By Allan Maurer
Sam Raiche left the active duty in the U.S. Army in the summer of 2010 after two tours in Iraq and one in Afghanistan and took a trip with friends to Denver, where they met a girl who was going to go out with a group of friends and saved her number on his phone. Then, later, he couldn’t recall what name he had saved it under. “Why can’t I look up a contact I just entered in my phone?” he asked himself.
“I joked about needing a product that would let me find a contact by when or where I entered the information. But after looking around for a week couldn’t find one.”
So, he and partner Adam Falkauff started Water’s Edge Partners to create a mobile app called REON.
A free app for Android or iPhones, REON allows you to find your contacts by when or where you met them, or by any of their addresses. How? REON tags new contacts with the location and time you entered their info and plots all contact addresses on a map. Hate typing? REON has an instant and accurate way to share contact information.
Although Raiche says the company is marketing it primarily on college campuses, we think it has great potential for use at events and large meetings where many of us collect several pockets full of business cards that are easily lost or misplaced and need to be entered into a digital database to be really useful anyway.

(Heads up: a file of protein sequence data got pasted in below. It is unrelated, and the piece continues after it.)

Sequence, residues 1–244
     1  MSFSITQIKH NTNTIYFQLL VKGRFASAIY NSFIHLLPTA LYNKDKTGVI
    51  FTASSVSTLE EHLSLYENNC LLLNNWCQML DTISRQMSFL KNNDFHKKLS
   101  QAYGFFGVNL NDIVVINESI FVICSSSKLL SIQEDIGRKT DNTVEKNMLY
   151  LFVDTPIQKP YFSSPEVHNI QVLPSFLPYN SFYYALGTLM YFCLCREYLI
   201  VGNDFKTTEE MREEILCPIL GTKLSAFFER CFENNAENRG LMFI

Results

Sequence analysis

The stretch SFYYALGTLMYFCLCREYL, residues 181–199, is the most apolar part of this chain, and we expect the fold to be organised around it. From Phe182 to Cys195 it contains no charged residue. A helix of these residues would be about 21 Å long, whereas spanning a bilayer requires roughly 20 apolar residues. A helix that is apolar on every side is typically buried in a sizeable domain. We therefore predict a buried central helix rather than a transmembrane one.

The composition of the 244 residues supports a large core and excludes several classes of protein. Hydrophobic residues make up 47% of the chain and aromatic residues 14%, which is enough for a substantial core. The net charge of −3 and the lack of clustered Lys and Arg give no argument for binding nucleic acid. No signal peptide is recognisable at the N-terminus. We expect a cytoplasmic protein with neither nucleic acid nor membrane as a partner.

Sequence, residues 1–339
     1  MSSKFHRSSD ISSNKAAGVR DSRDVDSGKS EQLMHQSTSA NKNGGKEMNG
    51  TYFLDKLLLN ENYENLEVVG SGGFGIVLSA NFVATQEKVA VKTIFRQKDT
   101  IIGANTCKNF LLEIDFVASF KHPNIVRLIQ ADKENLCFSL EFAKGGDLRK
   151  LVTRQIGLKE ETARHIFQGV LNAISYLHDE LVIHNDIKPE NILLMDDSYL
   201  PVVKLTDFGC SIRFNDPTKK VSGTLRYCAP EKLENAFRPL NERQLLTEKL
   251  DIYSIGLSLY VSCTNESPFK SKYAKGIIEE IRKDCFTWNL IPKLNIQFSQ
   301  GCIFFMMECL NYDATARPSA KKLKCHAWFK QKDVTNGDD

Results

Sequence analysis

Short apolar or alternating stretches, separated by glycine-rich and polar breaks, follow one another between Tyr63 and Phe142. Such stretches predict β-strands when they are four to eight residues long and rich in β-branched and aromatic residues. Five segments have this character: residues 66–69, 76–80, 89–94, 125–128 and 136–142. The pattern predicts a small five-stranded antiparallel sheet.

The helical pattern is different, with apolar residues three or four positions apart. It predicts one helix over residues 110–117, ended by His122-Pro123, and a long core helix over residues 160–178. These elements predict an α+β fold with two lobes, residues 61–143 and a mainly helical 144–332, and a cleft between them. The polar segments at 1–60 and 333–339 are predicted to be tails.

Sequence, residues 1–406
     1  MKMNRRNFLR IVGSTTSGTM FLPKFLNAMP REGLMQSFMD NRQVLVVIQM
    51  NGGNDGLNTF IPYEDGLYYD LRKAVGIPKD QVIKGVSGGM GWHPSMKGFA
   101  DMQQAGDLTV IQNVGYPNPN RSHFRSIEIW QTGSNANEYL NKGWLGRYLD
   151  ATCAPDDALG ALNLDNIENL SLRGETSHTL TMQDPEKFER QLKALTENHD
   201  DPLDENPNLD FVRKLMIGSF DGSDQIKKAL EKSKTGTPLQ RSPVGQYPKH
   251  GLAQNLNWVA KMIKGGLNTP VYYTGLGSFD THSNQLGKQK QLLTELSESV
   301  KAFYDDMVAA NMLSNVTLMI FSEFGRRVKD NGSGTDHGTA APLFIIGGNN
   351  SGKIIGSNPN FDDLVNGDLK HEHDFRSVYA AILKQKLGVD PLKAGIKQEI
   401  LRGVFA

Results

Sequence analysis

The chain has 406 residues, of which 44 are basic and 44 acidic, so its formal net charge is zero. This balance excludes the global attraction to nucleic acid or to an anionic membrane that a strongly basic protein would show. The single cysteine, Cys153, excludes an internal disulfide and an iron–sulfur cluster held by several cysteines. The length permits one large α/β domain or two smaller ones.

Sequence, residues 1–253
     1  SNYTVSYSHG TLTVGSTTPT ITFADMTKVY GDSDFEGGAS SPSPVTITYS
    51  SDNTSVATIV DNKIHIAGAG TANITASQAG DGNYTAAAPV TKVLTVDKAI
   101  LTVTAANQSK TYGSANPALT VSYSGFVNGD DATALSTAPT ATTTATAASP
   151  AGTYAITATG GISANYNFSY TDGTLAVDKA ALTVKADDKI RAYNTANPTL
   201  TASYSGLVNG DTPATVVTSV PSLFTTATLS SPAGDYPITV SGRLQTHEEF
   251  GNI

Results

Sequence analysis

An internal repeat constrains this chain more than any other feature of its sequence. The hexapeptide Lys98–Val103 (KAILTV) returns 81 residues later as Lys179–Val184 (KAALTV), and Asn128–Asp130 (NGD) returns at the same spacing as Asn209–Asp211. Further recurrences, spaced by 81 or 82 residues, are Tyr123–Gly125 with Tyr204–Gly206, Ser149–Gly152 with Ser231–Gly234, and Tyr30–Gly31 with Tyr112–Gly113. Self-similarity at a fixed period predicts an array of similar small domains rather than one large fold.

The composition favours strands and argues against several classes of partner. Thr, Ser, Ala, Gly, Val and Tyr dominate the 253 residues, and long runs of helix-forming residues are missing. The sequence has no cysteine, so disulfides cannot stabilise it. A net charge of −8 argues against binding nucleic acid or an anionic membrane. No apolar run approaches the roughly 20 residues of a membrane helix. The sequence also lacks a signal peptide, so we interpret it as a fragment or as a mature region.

With REON Mobile, you share the information electronically and don’t have to fumble with your phone trying to type it in.
They hired Scotsdale, Arizona-based-Parsus Solutions, a development firm to make the app, which took about a year.
How they plan to make money
The company, based in Plymouth, Minnesota, is self-funded. While the app is free, users who want a useful contact location map feature pay a one-time $4.99 fee and additional QR Codes to help organize contacts are $.99 each (users get the first one free).
Many users would probably want more than one, Raiche suggests. “If you’re at a business event and you might want one with your professional information such as your website and other info,” while at other times, you might want to provide just a phone number or email address.
Raiche says that in about 10 months they hope to have a desktop version of the app available and the firm may eventually seek additional funding.
Here’s a video – perhaps aimed at that college market, but showing how it works:
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